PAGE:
I’ve been watching Fringe replay in Netflix. I’m on the last season now and the advice from the Loyalist is “Just give up. Stop fighting the takeover. You can’t win.”

        Hate to say it, but maybe that’s what we need to accept. We can’t do much about it.


  20. I’d like to note that it’s been more than 3-5 weeks and Nyagoslav was unable to fix any of the listings. I’ll be impressed if you post this comment, Nyagoslav!

    • I just posted a reply article here.

      • Any new updates on Yext? Considering their service to “fix” our online listings. We bought a franchise, same phone number and name but new address. Customers get confused when they stumble across the original location online and it says “permanently closed” . Thanks in advance for your input.

  21. @Howard

    What’s with you and the passive-aggressive, personal comments? Nobody’s slamming Yext. I happen to think it’s a great product for some situations. But there needs to be an open conversation about the other situations. It’s an inevitable conversation, and it’s happening now. Whether you take part in it or nibble at the edges is up to you.

  22. Great case study! Thanks for sharing the truth about Yext and their proverbial hogwash. I have used them in the past and had some great results, but its a shame if they cannot provide a permanent non-subscription model for business owers.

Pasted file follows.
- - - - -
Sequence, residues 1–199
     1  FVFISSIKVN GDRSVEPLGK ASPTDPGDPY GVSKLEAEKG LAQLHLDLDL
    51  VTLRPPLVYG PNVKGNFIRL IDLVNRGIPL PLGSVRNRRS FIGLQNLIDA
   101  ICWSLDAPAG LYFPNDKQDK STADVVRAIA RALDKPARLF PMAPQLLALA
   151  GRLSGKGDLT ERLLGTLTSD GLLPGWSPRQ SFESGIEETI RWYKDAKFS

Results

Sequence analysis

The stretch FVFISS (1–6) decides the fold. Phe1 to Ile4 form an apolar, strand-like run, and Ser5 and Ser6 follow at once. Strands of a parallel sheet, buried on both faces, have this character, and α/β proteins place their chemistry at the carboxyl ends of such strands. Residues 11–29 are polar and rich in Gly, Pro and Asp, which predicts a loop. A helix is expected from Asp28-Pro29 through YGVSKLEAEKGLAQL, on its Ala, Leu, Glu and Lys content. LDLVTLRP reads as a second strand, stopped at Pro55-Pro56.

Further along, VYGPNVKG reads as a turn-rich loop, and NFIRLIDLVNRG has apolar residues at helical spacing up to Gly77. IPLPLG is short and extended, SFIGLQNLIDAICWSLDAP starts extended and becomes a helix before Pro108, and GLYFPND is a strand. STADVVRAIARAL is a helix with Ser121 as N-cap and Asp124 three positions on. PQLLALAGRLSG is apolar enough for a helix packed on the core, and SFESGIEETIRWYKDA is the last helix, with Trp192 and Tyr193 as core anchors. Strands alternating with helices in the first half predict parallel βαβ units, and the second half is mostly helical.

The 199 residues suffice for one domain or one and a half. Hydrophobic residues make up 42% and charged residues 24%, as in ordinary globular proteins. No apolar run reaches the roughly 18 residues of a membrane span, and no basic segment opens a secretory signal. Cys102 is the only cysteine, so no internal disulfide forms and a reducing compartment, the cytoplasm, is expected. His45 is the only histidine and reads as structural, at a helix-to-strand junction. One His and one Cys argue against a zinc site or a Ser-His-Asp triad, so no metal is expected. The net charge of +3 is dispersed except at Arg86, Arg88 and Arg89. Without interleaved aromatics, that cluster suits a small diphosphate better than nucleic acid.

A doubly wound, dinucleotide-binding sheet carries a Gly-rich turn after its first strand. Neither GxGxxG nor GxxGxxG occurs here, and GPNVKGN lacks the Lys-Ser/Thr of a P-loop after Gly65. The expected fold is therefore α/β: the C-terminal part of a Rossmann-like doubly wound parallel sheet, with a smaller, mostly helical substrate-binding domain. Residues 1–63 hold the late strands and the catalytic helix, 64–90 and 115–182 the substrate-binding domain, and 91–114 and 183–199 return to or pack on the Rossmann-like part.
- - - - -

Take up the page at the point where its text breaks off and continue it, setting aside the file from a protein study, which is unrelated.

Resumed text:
23. I do SEO and I use Yext but if you want anything personalized or comprehensive completed concerning your web-wide NAP done you have to use Nyagoslav Zhekov or Whitespark . . .Nyagoslav and Whitespark are Yext on Steroids….

  24. Yext salespersons act like it’s “no big deal” to cancel anytime. Thanks for clearing this up.

  25. Wow - this should be considered a criminal offense. If I hire a marketing firm or SEO company or even a web developer and I pay for their services, I OWN IT. Money for service. The product is the ownership of the person who purchased it unless there an upfront and full disclosure of any vendor copyrights or intellectual property associated with the work. Is this the case here? Terminating or deleting or claiming ownership of work in this case is just flat out wrong. This is basic business 101. This is a very dangerous business model and it won’t last very long. People are not going to fall for this crap….and funny because I was going to call them today. Not anymore. I’ll just do it myself thanks. Great article - you got to love consumer activism and consumer rights.

  26. We just discovered that Yext does NOT direct traffic to YOUR website, but instead creates a MIRROR SITE that is identical to your site, and directs traffic THERE.

    Our URL is

    But as you can see, Yext has created a mirror site at URL without our permission.
    When I try to address this to the staff, i get the run around.

    Now it is time to find all Yext users and start a class action….

  27. I just read the whole topic. I did not understand everything but for sure Yext is a criminal in their misleading sales pitches. It happen to me: I paid them for one year and after that without notification they renew for another year taking $ 500 from my credit card unauthorized. After I confronted them they canceled my subscription and most of my listing went back to the old/wrong info. Does anybody knows how I can correct my listing information by myself? I am not by any means that knowledgeable to figure out that by myself. I will greatly appreciate any help!